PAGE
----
Welcome to the next installment of the Off-Topic Theater. The lockout is long, subjects to write on will become increasingly spare. Prepare for basketball flavored gruel, and that is as close to an apology as you're getting.
Today's edition of Off-Topic Theater features our planking machine, JaVale McGee. Some of you are on the fence about the planking craze, others want to get in while the getting is good. My advice? Leave it to the professionals like JaVale, if you value your home appliances.
Yup, we're doing this to "Home Alone."
JaVale McGee as Kevin McAllister: [to Flip Banks and Gene Banks lying insensate on the floor, clipboards in their outstretched hands] You guys give up? Or are you thirsty for more?
Actually ... yes. JaVale McGee's cinematic doppelganger is Kevin McAllister in Home Alone. Chris Columbus introduces us to a Kevin frustrated with an overcrowded house, being ignored and given short shrift.
JaVale as Kevin McAllister: Did anyone [schedule] me [some playing time]?
Heading back even further in the time machine, Eddie Jordan was not famous for giving rookies leash, and JaVale was no exception. It was tough for any rookie to see the floor, and that didn't get any easier for quite some time. The McAllisters were preparing a vacation to Paris much like the Wizards were preparing for a trip deep into the postseason when Flip was brought on board. Then, as in the movie, tensions were high; even the McAllisters were carrying a full roster ("THERE ARE 15 PEOPLE IN THIS HOUSE, AND YOU'RE THE ONLY ONE WHO HAS TO MAKE TROUBLE."), prompting an upset Kevin (JaVale) to wish his family would disappear.
If we liken Gungate to a family vacation and a halfway house to Paris, photoshop JaVale McGee's face over Macaulay Culkin's and play audio: "I made my family disappear!" can anyone argue? (yes, I know you can actually argue) Cut to wild montage of Javale goaltending everything within reach, launching 18 foot jumpshots, biting on Brian Scalabrine's pump fake from three, and going coast to coast with our screaming guards hanging off his elbows.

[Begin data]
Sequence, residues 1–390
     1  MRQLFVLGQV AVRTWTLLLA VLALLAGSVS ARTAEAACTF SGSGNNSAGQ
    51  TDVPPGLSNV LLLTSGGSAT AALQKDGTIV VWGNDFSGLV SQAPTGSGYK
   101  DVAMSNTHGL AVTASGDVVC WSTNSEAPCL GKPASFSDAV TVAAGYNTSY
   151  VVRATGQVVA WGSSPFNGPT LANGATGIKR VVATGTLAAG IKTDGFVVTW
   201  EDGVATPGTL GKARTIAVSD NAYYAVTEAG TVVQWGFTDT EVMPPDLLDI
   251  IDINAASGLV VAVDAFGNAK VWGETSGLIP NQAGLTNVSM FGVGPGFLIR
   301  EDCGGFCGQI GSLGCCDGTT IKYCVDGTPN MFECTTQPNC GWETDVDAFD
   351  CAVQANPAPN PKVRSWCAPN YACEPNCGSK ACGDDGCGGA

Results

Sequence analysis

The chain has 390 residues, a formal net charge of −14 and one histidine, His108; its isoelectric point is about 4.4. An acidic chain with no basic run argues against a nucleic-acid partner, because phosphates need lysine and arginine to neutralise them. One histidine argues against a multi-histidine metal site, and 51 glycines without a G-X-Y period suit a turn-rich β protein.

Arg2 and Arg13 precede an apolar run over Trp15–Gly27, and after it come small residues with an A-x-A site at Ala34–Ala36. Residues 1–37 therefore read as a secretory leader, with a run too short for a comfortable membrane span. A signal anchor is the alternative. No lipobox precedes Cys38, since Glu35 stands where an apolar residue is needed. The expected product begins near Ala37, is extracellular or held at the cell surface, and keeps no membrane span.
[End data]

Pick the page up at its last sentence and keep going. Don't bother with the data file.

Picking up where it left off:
At first, it's all riding toboggans down the stairs, jumping on the bed, infinite playing time, and ESPN highlights. Eventually, though, the high points get old. The view from 40,000 feet demands more than just blocks and dunking in transition, you need the milk, eggs, and fabric softener of basketball. Some might call that the triple-double of seeing to the running of a household, and how many suburban pre-teens can say they've done that? Improvements start to manifest in JaVale's game to go with an already stellar work ethic and his consistency takes an uptick. We'll still see the occasional coast-to-coast, but as Kevin tells the skeptical cashier scanning the bag of army men, "It's for the kids."
One can imagine the draft scenario. Travel back in time and cut to a scene of Gene and Ernie casing the neighborhood in a van decked out in Wizards blue.:
Ernie Grunfeld as Harry: [points at JaVale planking on a mailbox] That's the one, Marv, that's the silver tuna.
Gene Banks as Marv: Oh, he's very gee.
Harry: Very gee, huh? He's loaded. Runs like a gazelle, jumps out of the gym...
Harry: Probably looking at a lot of blocked shots. Possible ESPN highlights. Odd appearance in the All-Star game...who knows. He's a gem. Hand me our draft pick.
But that's all in the past and we're still waiting on JaVale's full maturation on the hardwood. Difficult not to be an irrepressible homer about his progress in the 2011/12 season ("I've got a good feeling this year!"), and it's anybody's guess as to how it'll play out. Remember the scene where Kevin realizes his home is under attack and he cocks his bb gun?
JaVale as Kevin McAllister: This is my home. I have to defend it!
JaVale might have no rifle to ready, but he wants to know if you have tickets...to the gun show. Will Chris Singleton become Old Man Marley protecting JaVale's help side? At least you'll know what I mean when I go full caps lock screaming about SHOVELS OF JUSTICE when Singleton hacks Lebron into the stands. Some of you might argue that Gene and Ernie are no true villains, and why would I cast them when there's a bumbling ex-local looking for notoriety and easy copy during the lockout at faux red carpet events identifying our man as the nearest shortcut to broadcast solvency?
And I bet there's at least one of you out there crying 'Foul!' at any cinematic parallel to any D.C. Center with trouble playing fundamental defense that doesn't reference My Giant.